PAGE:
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Diamond Composition & Diamond characteristics

Sep 18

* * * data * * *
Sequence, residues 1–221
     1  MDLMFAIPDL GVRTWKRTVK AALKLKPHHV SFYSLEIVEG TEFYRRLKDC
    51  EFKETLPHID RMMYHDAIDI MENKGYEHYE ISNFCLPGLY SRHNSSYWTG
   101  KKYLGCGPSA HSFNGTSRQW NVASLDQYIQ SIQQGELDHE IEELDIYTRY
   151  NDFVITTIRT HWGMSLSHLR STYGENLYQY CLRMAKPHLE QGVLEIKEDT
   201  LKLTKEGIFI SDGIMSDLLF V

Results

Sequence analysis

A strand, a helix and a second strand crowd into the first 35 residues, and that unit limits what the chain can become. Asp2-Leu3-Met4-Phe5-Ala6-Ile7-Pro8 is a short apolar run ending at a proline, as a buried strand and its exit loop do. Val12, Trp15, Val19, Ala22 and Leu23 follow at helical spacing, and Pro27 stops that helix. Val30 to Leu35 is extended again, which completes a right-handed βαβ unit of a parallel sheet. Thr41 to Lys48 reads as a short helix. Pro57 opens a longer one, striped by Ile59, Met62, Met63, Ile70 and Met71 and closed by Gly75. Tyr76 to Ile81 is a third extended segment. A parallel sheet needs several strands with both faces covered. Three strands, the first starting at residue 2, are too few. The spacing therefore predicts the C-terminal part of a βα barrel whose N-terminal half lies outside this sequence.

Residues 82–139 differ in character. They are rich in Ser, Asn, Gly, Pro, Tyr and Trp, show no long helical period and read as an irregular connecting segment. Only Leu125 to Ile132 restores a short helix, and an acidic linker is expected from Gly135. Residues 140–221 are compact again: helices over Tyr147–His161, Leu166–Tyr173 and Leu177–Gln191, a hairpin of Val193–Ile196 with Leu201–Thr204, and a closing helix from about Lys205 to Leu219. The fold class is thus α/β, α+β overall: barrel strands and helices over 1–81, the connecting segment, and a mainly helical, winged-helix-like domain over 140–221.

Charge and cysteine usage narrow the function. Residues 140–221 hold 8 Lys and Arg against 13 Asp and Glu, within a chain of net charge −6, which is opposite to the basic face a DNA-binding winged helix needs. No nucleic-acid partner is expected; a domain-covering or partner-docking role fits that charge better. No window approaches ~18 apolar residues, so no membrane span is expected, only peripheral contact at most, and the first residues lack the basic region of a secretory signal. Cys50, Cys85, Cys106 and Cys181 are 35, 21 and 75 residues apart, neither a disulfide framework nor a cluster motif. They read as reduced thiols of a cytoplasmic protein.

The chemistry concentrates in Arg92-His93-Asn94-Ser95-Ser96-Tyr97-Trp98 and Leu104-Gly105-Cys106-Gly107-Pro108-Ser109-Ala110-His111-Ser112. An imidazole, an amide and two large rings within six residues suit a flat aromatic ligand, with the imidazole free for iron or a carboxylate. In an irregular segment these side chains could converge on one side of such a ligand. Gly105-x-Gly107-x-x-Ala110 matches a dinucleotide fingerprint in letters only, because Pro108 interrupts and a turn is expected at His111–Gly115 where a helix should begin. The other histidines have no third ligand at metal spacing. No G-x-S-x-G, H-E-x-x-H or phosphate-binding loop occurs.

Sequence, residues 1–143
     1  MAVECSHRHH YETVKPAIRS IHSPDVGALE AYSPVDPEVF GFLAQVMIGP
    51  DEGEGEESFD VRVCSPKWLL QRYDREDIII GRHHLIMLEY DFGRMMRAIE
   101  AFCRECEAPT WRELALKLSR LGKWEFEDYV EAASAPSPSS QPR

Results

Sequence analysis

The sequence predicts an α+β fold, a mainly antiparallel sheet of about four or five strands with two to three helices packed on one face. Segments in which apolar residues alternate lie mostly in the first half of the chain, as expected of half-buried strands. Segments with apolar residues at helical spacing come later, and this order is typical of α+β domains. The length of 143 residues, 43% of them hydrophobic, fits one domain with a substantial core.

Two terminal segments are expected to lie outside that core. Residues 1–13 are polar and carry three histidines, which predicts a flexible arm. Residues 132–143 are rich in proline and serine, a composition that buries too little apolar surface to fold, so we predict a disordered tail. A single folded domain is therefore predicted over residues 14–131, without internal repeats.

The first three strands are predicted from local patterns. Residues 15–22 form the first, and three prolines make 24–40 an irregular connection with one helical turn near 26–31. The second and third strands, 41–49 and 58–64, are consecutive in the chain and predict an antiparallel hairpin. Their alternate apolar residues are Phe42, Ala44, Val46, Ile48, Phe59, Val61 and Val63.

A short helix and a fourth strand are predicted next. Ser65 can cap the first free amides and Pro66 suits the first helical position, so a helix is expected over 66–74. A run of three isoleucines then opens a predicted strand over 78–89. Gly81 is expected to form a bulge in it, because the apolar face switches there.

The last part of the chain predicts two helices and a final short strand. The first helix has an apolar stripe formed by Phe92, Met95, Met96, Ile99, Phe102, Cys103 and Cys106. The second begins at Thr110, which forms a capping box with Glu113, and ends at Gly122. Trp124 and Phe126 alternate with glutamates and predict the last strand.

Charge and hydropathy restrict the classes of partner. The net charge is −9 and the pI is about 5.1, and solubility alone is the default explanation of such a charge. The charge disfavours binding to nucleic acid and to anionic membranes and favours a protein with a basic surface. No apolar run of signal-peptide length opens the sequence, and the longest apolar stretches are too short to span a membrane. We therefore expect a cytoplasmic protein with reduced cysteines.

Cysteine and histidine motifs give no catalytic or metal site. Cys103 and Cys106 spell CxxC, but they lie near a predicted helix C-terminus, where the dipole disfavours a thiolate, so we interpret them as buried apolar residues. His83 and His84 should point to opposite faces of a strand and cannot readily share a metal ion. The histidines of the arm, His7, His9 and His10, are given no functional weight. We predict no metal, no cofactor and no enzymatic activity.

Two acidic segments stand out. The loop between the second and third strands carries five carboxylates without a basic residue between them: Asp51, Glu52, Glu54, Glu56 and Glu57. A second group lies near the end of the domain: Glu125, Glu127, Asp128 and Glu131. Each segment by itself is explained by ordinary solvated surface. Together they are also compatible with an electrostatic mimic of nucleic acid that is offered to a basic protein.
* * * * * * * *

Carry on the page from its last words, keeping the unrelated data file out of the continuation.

It might seem strange that common pencil lead is the same mineral as diamond, i.e., carbon, the fourth most common element on earth. Their different characteristics lie in the way the atoms bond together. In pencil lead, the atoms are arranged in a two-dimensional linear pattern, connected in layers with weak bonds between the layers, allowing them to be easily broken. In diamond, the atoms are in a three-dimensional cubic arrangement with strong bonds between the layers. Diamonds are one of the hardest substances on earth but are also brittle and can be quite easily chipped, or cleaved. There is a famous story about a well-known diamantaire who had the job of breaking down one of the largest rough diamonds ever found. He spent weeks examining the rough gemstone, making endless calculations and marks on it, using his experience as to where to cleave the diamond without damaging or quite possibly shattering it. Finally, after making a small groove, he placed a hard steel blade in the groove and hit it with the exact pressure needed, and it cleaved perfectly in two. He promptly fainted with relief from the stress! As diamonds are the hardest substance known, how can they possibly be cut or polished? It is because diamonds are harder in some directions than others. So, by having a polishing blade or wheel with tiny crystals of diamonds embedded in the edge of the wheel, it means there will always be some crystals aligned in such a way that they are harder than the piece being cut. This allows the rough diamond to be shaped. These days, cutters use lasers to cut the crystal, considerably speeding up the process and are cut and polished by automatic machines, so human diamantaires are often not needed.


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